Many children who emigrated from Scotland to British colonies suffered a “catalogue of abuse” that had lasting impacts on their lives, according to an inquiry’s senior counsel.
Colin MacAulay QC gave his closing remarks to the Scottish Child Abuse Inquiry on Tuesday, when he set out his interpretation of evidence gathered during the child migrant case study.
It was heard youngsters were sent overseas as a way to make sure countries were populated by white Britons.
Mr MacAulay said: “Many child migrants experience a catalogue of sexual abuse, physical abuse, deprivation, inadequate education and many other forms of abuse.
“There was a desire to ensure that the empire was populated by white British stock.”
He added there were also sectarian motives, particularly from the Catholic Church in Scotland.
The majority of children were sent to Canada and Australia, with a smaller number sent to colonies such as Southern Rhodesia, which is today part of Zimbabwe.
It was heard the first motivation for emigration during the 19th century was as a form of punishment but this developed into a philanthropic pursuit, with the belief youngsters could pursue a better life than they had experienced in Scotland.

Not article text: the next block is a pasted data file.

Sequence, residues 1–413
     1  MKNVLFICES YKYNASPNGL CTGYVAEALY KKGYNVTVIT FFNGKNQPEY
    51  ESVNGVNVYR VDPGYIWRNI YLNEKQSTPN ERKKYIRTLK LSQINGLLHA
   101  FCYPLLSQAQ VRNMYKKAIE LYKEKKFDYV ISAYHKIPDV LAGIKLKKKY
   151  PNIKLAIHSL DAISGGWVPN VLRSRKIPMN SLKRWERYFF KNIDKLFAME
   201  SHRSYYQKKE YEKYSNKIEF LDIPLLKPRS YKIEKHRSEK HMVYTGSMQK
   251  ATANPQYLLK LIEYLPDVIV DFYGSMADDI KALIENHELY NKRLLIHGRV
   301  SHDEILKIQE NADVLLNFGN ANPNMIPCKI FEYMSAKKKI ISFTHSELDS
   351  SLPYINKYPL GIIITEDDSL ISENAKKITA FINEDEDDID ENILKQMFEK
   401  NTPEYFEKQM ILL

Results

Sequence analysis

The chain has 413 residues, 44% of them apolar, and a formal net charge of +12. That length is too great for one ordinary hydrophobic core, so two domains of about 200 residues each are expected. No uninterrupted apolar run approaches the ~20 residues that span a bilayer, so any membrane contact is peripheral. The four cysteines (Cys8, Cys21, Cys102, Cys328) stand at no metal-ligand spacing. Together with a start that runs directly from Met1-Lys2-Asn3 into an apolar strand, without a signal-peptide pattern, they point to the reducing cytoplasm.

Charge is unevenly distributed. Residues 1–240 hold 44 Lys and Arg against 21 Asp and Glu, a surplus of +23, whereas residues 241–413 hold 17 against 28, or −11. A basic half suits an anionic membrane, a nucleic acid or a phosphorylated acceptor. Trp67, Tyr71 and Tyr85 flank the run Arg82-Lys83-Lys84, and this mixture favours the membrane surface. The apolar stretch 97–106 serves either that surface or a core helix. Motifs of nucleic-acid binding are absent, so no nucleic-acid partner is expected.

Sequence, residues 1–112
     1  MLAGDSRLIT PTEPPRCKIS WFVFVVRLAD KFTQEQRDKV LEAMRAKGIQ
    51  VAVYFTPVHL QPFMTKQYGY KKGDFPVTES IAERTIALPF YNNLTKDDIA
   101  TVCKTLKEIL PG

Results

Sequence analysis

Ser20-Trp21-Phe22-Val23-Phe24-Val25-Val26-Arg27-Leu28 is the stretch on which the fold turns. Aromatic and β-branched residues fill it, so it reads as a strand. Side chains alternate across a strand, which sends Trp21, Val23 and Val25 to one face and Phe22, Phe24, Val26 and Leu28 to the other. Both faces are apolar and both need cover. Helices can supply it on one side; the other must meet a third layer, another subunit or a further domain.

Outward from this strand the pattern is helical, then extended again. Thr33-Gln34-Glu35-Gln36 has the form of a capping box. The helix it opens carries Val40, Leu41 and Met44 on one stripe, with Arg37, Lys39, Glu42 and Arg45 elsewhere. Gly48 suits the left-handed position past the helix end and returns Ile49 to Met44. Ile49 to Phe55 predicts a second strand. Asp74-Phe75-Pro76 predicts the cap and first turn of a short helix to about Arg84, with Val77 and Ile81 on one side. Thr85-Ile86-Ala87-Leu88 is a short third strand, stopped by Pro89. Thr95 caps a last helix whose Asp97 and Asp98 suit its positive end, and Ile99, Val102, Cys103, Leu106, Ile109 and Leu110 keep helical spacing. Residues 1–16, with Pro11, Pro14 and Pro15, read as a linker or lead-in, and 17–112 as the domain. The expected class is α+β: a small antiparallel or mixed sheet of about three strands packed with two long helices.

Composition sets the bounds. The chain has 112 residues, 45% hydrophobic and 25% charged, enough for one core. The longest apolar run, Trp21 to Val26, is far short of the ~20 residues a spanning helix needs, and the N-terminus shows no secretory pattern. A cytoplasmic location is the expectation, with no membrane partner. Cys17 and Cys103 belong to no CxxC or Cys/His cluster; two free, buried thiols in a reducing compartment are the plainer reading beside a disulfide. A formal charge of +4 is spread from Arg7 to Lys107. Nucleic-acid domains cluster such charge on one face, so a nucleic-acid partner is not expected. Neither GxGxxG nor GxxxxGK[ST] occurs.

The inquiry heard there was little effort to make sure the lives of those who emigrated were to a suitable enough standard and many felt lasting loneliness, as well suffering from poor levels of education that had lifelong impacts.
Mr MacAulay told the inquiry it was often the case that informed consent of the child or family was not given.
He argued many of the children were too young to understand the way in which their lives would be altered by taking part in the programmes, which appear to have finished in 1970.
The inquiry before judge Lady Smith in Edinburgh continues.